A convention for the promotion of holiness was held at Brighton from May 29-June 7, 1875. The prominent American evangelist Dwight L. Moody told his London audiences that the Brighton meeting was to be a very important one. About eight thousand people attended it. T. D. Harford-Battersby attended this convention and made arrangements to have one in his parish in Keswick. He was the recognized leader of this annual convention for several years until his death.
A gradual distinction developed between traditional Methodists and the newer Keswick speakers. Keswick took on a more Calvinistic tone, as Keswick preachers took pains to distance themselves from the Wesleyan doctrine of eradication (the doctrine that original sin could be completely extinguished from the Christian soul prior to death). Keswick speakers began using the term "counteraction" to describe the Holy Spirit's effect on original sin, often comparing it to how air pressure counteracts gravity in lifting an airplane. Modern Wesleyan-Arminian theologians regard the Keswick theology as something different from their own dogma of entire sanctification.
Harford-Battersby organized and led the first Keswick Convention in 1875. Over four hundred people met under the banner of “All One in Christ Jesus.” British speakers included Anglicans, such as the J. W. Webb-Peploe, Evan H. Hopkins, and Handley Moule, as well as Frederick Brotherton Meyer, a Baptist, and Robert Wilson, a Friend. An annual convention has met in Keswick ever since and has had worldwide influence on Christianity.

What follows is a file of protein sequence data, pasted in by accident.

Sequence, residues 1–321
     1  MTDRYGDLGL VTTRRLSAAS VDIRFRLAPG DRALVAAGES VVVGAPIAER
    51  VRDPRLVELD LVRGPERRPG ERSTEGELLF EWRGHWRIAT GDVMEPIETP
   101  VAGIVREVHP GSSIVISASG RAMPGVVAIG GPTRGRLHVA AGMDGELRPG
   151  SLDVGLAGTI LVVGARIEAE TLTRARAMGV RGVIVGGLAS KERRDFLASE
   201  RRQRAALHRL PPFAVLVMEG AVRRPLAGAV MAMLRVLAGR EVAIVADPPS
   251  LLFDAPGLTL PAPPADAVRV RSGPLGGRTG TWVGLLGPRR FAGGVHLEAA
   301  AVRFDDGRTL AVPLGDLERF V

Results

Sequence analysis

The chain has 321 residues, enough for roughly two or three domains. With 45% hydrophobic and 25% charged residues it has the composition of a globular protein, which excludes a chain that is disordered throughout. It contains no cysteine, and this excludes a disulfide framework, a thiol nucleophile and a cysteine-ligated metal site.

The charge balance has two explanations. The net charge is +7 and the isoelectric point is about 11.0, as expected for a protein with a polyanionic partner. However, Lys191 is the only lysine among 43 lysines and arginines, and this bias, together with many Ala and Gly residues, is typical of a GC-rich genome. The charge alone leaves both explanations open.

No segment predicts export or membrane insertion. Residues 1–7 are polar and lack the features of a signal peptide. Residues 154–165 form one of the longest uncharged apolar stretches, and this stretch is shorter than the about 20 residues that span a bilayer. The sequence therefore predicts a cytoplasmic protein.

Columbia Bible College and Seminary (now Columbia International University) was founded by one of the early leaders of the American Keswick movement, Robert C. McQuilkin. His son, Robertson McQuilkin, contributed the Keswick chapter to the book "Five Views of Sanctification."
Keswick doctrine has been sharply criticized as a disguised form of entire sanctification (or "perfectionism") by other Christian traditions, particularly Calvinism. Princeton theologian B.B. Warfield wrote a trenchant attack on the Keswick doctrine that is still referenced today in Reformed circles. Such a critique is included in J. I. Packer's introduction to J. C. Ryle's book, Holiness.
||This section cites its sources but does not provide page references. (September 2010)|
- Harford, C. F., ed. The Keswick Convention; its Message, its Method and its Men, London, 1907.
- Harford-Battersby, T. D. Memoirs of the Keswick Convention, 1890.
- Hopkins, E. H., The Story of Keswick, London, 1892.
- Pierson, A. T., The Keswick Movement, New York.
- B.B. Warfield, Perfectionism, Philadelphia, 1958, ISBN 0-87552-528-8.
- Robertson McQuilkin, The Keswick View: Five Views of Sanctification, ISBN 0-310-21269-3 Zondervan Pub.
- Pollock, J. C., A Cambridge Movement, London, John Murray, 1953.
- Packer, J. I., Keep In Step With The Spirit, 1984, ISBN 0-8010-6558-5. — See chapter 4.
- Pyne, Robert A., and Matt Blackmon, "A Critique of the Exchanged Life", 2006 Bibliotheca Sacra 163, April–June
- Cambridge Inter-Collegiate Christian Union which can (in part) trace its beginnings to the meetings at Broadlands in 1874.
- Quietism (Christian philosophy) which through T. C. Upham's biography (1854) of Madame Guyon was a significant influence on holiness-oriented circles in the second half of the nineteenth century.
- Audio-visual material on Keswick theology by Andrew David Naselli, whose Ph.D. dissertation is entitled “Keswick Theology: A Historical and Theological Survey and Analysis of the Doctrine of Sanctification in the Early Keswick Movement, 1875–1920"
- A Critique of the Keswick Movement taken (by the author's permission) from Keep in Step with the Spirit by J. I. Packer.
- The Exchanged Life. Is it possible to consistently enjoy an abundant, victorious Christian life?